Va. Bluesman, U-Md. Professor Among 24 Awarded MacArthur Grants
Tuesday, September 25, 2007
Marc Edwards thought "it was a sick practical joke." Lisa Cooper initially refused to take the call. Ruth DeFries was "just in shock, in total shock."
But this morning the three Washington area researchers -- and 21 other brilliant, accomplished, creative people around the country -- can say they are "geniuses," and $500,000 richer for it.
"You don't have contingency plans on the side in case you win $500,000," joked Corey Harris, a blues musician in Charlottesville who said he's just beginning to imagine exactly what he'll do with the money.
The eclectic class of fellows includes a forensic anthropologist, a medieval historian and a spider-silk biologist.
Edwards, 43, a professor of civil and environmental engineering at Virginia Tech, helped raise alarms about lead in Washington drinking water. Cooper, 44, a professor of internal medicine and epidemiology at the Johns Hopkins University School of Medicine, examines the role of race and ethnicity in doctor-patient relationships. DeFries, 50, a professor of environmental geography at the University of Maryland, studies how humans are transforming the Earth's surface.
The Chicago-based foundation famously grants the money with no strings attached, no requirement that the recipients actually do anything. "With the gift of time and unfettered opportunity to create and explore, we are confident that the fellows will follow their hearts and their minds wherever they lead, making new discoveries and making a difference in the world," MacArthur president Jonathan Fanton said in a statement.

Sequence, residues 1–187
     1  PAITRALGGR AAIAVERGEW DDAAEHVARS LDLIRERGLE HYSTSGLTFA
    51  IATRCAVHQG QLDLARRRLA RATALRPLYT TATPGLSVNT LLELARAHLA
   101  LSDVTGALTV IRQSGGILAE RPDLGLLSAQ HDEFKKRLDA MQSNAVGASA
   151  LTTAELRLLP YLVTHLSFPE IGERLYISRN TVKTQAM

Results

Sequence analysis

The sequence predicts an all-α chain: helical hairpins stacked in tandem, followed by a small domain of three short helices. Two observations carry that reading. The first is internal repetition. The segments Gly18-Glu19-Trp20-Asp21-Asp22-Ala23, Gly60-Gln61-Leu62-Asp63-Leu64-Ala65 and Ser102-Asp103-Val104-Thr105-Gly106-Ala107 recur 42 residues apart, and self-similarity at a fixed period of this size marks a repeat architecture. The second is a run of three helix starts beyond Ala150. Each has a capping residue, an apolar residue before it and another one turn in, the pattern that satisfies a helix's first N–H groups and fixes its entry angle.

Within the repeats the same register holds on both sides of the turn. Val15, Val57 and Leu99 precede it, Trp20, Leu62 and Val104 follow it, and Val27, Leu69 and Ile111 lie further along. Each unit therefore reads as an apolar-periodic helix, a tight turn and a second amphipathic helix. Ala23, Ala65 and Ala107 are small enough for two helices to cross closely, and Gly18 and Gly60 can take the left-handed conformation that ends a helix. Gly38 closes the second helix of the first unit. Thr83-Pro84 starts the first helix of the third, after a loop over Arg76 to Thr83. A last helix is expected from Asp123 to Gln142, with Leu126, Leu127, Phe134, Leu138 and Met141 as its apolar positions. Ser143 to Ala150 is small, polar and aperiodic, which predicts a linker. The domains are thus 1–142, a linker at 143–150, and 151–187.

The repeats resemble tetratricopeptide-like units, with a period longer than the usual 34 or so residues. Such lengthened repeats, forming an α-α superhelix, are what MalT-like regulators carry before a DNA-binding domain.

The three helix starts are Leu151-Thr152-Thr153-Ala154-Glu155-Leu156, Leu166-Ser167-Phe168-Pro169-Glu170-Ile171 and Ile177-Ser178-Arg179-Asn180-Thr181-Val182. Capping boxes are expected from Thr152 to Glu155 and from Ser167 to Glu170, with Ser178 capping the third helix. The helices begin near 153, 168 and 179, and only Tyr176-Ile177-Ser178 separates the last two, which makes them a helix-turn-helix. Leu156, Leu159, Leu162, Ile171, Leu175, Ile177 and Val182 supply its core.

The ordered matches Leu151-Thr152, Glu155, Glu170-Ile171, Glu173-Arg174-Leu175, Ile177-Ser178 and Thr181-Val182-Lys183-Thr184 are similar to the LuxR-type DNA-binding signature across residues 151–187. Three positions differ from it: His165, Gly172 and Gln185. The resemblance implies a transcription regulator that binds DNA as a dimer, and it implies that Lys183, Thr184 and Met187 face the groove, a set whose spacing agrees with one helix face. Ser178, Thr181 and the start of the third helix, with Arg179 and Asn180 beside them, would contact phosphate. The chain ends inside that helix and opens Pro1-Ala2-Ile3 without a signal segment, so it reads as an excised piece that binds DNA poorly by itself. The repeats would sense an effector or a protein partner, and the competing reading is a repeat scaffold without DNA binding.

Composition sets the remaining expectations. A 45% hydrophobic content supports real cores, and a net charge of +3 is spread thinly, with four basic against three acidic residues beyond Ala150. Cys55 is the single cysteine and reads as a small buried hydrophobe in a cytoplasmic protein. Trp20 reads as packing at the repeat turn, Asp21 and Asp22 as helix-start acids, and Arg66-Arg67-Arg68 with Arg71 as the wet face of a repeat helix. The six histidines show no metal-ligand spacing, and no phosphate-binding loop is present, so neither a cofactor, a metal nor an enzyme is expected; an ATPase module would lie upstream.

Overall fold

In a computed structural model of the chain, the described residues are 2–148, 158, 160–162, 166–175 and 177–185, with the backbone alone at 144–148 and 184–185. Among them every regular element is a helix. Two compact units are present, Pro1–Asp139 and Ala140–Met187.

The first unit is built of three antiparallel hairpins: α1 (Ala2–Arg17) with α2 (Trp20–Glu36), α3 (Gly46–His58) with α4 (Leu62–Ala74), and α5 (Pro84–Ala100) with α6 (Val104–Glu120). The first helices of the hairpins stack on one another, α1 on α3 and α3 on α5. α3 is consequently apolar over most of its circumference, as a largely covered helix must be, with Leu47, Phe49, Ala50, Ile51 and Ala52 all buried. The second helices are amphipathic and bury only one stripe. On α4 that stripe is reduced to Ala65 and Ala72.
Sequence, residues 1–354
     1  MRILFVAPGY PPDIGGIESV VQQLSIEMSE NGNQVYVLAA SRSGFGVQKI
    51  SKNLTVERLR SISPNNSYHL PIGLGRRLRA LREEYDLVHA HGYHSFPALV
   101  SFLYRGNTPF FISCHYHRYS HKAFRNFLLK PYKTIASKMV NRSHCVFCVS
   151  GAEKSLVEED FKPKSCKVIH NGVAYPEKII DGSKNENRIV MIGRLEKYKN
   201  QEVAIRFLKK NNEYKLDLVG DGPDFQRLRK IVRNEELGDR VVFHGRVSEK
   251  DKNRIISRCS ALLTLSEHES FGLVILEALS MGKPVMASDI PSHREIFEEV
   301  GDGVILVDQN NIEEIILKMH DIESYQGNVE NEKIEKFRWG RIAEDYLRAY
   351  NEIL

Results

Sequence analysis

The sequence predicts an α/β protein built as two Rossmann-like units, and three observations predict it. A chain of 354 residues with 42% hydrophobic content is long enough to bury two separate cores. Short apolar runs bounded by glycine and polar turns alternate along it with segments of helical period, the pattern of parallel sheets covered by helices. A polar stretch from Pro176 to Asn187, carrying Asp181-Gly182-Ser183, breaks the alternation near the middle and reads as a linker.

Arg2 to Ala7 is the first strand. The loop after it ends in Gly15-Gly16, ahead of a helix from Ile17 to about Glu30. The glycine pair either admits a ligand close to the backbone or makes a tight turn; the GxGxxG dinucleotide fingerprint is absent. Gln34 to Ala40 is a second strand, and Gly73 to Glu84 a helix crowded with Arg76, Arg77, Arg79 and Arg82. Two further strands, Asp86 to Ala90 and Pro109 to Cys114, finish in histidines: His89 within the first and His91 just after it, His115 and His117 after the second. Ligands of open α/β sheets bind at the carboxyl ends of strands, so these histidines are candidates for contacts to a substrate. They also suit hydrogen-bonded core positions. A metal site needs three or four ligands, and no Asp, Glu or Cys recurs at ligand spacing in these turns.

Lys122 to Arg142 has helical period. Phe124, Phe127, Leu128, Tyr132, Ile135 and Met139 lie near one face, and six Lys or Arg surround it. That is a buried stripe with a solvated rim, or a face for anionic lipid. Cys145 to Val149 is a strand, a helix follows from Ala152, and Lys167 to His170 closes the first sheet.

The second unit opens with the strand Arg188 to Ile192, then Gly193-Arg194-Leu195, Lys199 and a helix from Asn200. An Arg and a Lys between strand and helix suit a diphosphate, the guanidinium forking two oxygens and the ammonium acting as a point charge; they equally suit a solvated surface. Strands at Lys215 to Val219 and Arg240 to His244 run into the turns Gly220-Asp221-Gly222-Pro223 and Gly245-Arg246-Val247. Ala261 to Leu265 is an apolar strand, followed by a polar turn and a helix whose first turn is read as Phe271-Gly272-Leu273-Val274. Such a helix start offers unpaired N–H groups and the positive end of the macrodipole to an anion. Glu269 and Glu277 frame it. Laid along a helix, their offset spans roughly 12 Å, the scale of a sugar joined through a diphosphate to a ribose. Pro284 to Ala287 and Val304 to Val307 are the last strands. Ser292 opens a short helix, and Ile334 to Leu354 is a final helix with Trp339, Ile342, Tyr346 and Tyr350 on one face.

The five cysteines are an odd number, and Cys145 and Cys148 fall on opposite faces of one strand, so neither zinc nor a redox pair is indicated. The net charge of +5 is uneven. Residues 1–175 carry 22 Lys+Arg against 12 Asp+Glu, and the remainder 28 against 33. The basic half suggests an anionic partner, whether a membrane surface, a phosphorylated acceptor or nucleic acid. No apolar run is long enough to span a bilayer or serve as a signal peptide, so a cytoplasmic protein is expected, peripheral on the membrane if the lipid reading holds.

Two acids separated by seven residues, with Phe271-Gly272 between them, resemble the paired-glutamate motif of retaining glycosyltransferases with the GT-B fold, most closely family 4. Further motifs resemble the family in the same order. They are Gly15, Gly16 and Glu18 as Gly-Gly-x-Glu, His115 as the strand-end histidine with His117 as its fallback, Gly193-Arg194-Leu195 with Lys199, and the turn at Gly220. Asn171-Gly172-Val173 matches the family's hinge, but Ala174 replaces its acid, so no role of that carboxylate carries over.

Since 1981, 756 fellows have been selected. The new fellows received their phone calls last week and were instructed to confide in no more than one person. Edwards -- once he was convinced it was no joke -- told his wife, Jui-Ling, who broke down in tears, because the couple has sacrificed so much for his work, he said.
"We incurred some substantial financial debts in the last few years to make progress on the Washington, D.C., lead and drinking water issue," he said.
Prying loose documents via Freedom of Information Act requests, Edwards earlier this year helped bring attention to tests that indicated elevated lead levels in water fountains at several public schools. He said he will use the MacArthur money to pursue his investigations of deteriorating water systems in Washington and other cities.
Cooper shared the secret with her husband, Nigel Green. "He's been teasing me about it, 'Oh, I'm married to a genius!' " she said.
Born in Liberia, Cooper went to college and medical school in the States, where she was struck by the central role race plays in social interactions. In medical school, she further noticed that race and ethnicity -- and the related influences of cultural backgrounds, past experience, unconscious assumptions -- affect the way doctors and patients interacted. That, in turn, could affect medical care. She decided to "get inside what happens in these doctor-patient visits."